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Answering the media

by Michael Ford last modified 15 May, 2020 01:33 PM

Recently we were asked some interesting questions by a local journalist, we thought we would share them and our answers with you.

What was the message during this year's Easter?

The message was that of Renewing Hope.
While Church may be changing, it is certainly not closed.
We had virtual processions on Palm Sunday, some with donkeys.
Holy week saw Easter Gardens, normally found in church appearing in gardens and open spaces. While Easter Day saw our Easter message that ‘Christ is risen!’ proclaimed everywhere- we were even on the front page of the Sunday Telegraph.
From our traditional Easter fires bringing light into the darkness that this year happened in gardens instead of churchyards, to a whole range of online services streamed from sitting rooms and gardens into people’s homes. Church attendance at Easter is good, but we saw numbers double and at times triple as people tuned in from lockdown. (See our Grapevine publications for examples)

Are there any positives to be taken out of the coronavirus pandemic for the church?

Our numbers are growing, we are reaching out to more people as we are now a Church without walls. This present crisis has opened a new space where we can engage with people. Sometimes the church door can be a barrier to the curious, but they have been joining us online.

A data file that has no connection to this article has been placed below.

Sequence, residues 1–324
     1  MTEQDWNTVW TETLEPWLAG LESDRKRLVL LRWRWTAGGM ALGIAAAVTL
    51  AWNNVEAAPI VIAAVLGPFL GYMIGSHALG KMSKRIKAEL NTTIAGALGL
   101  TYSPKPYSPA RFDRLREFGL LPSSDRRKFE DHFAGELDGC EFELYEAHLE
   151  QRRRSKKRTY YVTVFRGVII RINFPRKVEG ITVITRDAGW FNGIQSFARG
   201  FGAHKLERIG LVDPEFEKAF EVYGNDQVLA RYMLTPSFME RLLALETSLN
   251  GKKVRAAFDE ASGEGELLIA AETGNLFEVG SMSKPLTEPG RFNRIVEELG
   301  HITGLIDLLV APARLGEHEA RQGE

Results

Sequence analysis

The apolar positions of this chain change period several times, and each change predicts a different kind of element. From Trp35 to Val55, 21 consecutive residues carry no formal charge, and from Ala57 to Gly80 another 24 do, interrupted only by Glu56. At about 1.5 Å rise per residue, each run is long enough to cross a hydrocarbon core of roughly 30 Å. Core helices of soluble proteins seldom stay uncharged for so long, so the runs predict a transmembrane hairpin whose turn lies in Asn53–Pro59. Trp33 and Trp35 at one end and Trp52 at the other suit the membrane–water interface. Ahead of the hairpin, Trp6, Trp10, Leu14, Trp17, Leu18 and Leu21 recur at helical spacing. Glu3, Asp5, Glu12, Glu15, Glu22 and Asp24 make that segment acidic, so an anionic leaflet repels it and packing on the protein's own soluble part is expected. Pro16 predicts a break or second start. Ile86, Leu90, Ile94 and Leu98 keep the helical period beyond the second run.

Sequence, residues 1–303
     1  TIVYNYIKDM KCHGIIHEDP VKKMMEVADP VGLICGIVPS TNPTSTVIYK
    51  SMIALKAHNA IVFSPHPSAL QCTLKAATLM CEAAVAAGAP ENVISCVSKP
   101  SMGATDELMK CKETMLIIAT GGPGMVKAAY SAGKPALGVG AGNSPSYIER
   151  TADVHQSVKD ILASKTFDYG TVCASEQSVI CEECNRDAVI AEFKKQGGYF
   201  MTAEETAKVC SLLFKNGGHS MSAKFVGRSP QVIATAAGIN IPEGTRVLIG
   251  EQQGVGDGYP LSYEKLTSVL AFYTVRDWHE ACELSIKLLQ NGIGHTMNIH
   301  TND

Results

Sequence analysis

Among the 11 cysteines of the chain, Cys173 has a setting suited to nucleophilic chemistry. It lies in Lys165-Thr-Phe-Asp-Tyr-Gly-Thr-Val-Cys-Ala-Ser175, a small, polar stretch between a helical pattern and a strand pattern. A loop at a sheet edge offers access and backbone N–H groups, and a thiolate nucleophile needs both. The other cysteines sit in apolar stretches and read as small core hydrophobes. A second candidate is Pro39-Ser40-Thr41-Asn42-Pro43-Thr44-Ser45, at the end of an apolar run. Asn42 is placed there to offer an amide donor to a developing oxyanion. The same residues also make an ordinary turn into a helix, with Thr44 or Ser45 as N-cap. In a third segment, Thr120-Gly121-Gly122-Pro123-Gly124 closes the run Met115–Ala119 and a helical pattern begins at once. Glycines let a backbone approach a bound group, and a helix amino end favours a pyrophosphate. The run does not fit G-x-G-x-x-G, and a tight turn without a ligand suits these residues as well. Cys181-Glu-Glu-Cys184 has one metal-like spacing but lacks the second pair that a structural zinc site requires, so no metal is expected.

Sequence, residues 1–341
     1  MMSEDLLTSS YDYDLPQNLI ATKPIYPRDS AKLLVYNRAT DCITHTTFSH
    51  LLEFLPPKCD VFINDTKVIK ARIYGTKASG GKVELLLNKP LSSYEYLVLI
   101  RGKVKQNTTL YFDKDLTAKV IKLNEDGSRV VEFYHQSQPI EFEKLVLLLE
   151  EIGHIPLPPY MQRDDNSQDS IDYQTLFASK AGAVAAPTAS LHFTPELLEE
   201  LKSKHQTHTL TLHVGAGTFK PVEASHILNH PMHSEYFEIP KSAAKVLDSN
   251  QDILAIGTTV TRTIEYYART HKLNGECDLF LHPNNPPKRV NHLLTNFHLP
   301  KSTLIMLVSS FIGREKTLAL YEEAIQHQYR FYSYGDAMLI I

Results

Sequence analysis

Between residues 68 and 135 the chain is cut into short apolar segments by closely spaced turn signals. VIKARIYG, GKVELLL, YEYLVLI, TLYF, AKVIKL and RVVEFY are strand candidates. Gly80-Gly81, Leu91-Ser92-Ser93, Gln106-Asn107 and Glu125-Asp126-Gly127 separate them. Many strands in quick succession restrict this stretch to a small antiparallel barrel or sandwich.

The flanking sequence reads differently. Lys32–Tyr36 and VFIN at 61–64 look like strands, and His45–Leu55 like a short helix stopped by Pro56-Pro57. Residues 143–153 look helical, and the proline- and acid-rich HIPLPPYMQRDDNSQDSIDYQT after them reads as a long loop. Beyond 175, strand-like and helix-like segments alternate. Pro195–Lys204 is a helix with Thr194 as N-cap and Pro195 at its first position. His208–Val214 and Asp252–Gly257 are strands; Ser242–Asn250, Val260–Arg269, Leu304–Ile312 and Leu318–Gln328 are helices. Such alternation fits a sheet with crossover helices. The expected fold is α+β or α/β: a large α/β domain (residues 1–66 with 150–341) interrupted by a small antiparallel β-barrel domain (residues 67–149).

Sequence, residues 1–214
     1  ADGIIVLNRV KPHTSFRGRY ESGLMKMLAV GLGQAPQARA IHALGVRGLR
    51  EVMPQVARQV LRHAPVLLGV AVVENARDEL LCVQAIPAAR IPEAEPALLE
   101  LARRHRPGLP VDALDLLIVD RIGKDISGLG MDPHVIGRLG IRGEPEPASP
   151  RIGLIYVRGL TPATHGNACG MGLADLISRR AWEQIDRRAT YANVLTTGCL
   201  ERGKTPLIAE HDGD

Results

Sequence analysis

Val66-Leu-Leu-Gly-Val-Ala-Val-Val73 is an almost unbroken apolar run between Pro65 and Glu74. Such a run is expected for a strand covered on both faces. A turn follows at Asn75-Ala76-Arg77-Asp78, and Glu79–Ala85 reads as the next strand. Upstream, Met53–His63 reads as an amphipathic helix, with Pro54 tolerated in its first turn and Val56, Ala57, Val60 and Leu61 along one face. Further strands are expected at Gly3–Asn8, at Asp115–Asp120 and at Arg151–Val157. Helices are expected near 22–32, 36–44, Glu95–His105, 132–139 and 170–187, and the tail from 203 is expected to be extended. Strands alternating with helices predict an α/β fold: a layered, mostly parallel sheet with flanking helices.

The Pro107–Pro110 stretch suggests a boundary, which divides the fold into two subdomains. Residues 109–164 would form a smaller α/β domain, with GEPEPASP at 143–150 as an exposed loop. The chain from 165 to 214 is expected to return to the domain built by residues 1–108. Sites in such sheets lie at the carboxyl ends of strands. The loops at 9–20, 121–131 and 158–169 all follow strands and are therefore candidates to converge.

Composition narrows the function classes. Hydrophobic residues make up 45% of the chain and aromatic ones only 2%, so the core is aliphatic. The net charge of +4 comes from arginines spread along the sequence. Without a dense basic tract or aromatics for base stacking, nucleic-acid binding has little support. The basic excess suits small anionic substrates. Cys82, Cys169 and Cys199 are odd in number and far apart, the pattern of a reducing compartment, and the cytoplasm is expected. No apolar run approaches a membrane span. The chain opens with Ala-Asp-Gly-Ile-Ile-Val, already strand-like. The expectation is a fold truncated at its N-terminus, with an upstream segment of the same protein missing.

As a sign outside one church said, “We are open on Zoom”. Through our online presence and the engagement with it, we have been able to show that the church is still very relevant and is speaking to people during this unprecedented time.
We are rooted in the local and this is now very apparent. There has been a huge uptake in those who have watched and shared their local priest’s daily prayer or reflection streamed via social media and this means our clergy are alongside their communities, joining them in their homes every day.

What is the atmosphere among parishes across the diocese at the moment?

People in good heart. Those able to serve are serving and people unable to get out are being cared for. Like everyone else we are affected by the lockdown and always deeply saddened by news of deaths. We offer constant prayers and join with others every Thursday to clap for our NHS. And we like everyone else look for a time when we may return to a safe and healthy world and a new “normal”.

Have you found that more or less pastoral care is being given? If so, how is this given?

Clergy are on the front line, continuing a vital funeral ministry and offering bereavement support. Chaplaincy teams in hospitals are also doing a fabulous job.
Obviously we can no longer visit people in their homes, but throughout the Diocese we have examples of phone trees where members of our congregations are regularly calling the isolated, lonely and vulnerable. Our clergy are also carrying out their pastoral visits by phone or - for the more internet-savvy – online.
The Diocese has set up a Diocesan Pastoral Care Helpline for use by crematoria and as a backup for chaplains at our local hospitals. It is aimed at supporting families during the current crisis.
A large number of retired clergy, experienced LLMs and other clergy self-isolating, have also volunteered to offer bereavement and pastoral support.

In what ways has the church been supporting its communities?